In 1941, Juliet Stephenson is 18 years old, naive and unsophisticated. Everything changes when she is recruited by MI5. Her new job consists of listening to the recorded conversations of Nazi symp ...more
The novel opens in 1981, “the year of a royal wedding,” with 60-year-old Juliet Armstrong falling down on a London street. Preoccupied with thoughts of her 26-year-old son and having lived abroad for many ye ...more
The writing is genuinely superb, beautifully done and I adored Juliet, her manner, her acerbic inner dialogue and her highly intriguing yet strangely genteel existence.
The setting and the time brought to utterly vivid life, we follow Juliet as she becomes part of the war effort, gets entangled in intrigue and faces unknowable c ...more
But there were some incidents about which Juliet doesn’t ...more
A low key, at times almost boring spy novel. I seem to be incapable of not liking a Kate Atkinson book though. I love her books for their immersive historical background, humor and vividness of characters.
Juliet Armstrong, a young woman with no family, finds herself recruited into M15, the UK’s domestic counter-intelligence and security agency. Beginning in the boring atmosphere of filing and secretarial work, she is soon moved to an apartment building where her job is to listen to recorded tapes and transcribe the dialog into reports.
Eventually Juliet is sent out into the f ...more
Visit the locations in the novel
Hitler was collecting countries like stamps. How long before he had the full set?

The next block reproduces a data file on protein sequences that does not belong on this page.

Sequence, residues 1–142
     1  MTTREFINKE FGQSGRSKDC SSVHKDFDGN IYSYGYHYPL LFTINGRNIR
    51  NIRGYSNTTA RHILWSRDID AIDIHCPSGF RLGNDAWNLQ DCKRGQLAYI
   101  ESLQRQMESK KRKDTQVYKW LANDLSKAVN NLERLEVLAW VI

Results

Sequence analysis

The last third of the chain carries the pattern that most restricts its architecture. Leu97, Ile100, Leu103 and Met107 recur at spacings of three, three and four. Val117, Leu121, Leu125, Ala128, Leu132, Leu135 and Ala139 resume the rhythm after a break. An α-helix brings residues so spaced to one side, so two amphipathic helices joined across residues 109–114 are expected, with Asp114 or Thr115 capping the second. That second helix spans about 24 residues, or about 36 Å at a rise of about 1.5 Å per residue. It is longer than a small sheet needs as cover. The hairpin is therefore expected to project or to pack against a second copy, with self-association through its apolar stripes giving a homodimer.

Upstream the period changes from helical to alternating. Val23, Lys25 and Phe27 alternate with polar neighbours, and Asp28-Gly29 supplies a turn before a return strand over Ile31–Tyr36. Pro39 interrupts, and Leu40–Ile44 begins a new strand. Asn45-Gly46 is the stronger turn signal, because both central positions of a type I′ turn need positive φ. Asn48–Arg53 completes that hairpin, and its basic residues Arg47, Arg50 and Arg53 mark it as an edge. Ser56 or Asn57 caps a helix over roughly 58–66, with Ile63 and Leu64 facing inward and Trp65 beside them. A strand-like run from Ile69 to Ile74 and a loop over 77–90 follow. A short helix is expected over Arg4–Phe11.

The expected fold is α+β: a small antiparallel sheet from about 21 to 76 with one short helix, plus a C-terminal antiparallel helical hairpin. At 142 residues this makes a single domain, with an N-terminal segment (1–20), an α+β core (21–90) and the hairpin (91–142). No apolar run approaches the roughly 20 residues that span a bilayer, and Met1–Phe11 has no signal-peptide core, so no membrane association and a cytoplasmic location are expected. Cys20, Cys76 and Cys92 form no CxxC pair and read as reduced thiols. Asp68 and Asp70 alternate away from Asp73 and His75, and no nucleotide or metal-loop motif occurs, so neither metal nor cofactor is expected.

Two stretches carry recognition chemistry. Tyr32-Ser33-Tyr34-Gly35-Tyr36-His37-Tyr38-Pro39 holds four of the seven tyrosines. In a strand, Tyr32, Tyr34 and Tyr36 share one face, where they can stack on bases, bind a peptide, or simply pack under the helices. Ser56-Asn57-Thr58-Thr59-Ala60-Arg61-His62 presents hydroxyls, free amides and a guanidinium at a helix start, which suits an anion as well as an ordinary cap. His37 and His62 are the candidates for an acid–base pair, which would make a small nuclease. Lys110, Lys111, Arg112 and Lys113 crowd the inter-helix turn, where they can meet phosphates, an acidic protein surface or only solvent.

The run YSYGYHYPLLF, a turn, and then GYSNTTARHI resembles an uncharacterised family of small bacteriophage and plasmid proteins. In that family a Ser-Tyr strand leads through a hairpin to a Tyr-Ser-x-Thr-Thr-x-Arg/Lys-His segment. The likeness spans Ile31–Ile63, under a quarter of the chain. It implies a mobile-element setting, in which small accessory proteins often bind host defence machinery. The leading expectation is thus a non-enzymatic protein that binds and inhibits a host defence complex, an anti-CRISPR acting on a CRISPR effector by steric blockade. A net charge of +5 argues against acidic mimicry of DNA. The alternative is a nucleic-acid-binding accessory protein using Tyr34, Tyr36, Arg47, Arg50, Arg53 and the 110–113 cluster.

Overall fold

This is a snapshot of history inspired by a series of transcripts the author discovered.
In fact there is one line in the book uttered by Juliet which sums up this novel for me : “History should always have a plot .... How else could you make sense of it?"
For Juliet is recruited into the world of spies and intrigue with MI5 and her job is to transcribe meetings between an agent workin ...more
But then what constituted real? Wasn't everything, even this life itself, just a game of deception?
3.5 stars. Kate Atkinson's previous two novels, Life after Life and A God in Ruins are two of my all time favorite books. In these her writing was fantastic and the plot lines were innovative and thought provoking.
Because of this, I think my expectations were too high, as I was expecting more of the same in Transcription, but this is more of a traditional spy story. The writing is still superb and ...more
The story flashes between 1940 and her activities and 1950 where she has become the producer of dull ...more
I was swept into Transcription, enthralled with Kate Atkinson's atmospheric and witty writing, the recreation of England during the rise of Hitler, and the espionage ring with its vivid characters and uncertain alliances.
The novel opens in 1950 with twenty-eight-year-old Juliet working in post-war London for the BBC.
"There was a better life somewhere, Juliet supposed, if only she could ...more
🔹a resourceful, witty Shakespeare-quoting heroine whom other people underestimate
🔹World War II homefront
🔹one sister, aunt, mother, or friend who's hell on wheels
🔹flashbacks to more than one era
🔹ironic wordplay, clever tropes, and quotes that are repeated at key points.
🔹dead-on accurate verbal snapshots of vanished fashion, architecture, technology, and man ...more
She is the author of a collection of short stories, Not the End of the World, and of the critically acclaimed novels Human Croquet, Emotionally Weird, Case Histories, ...more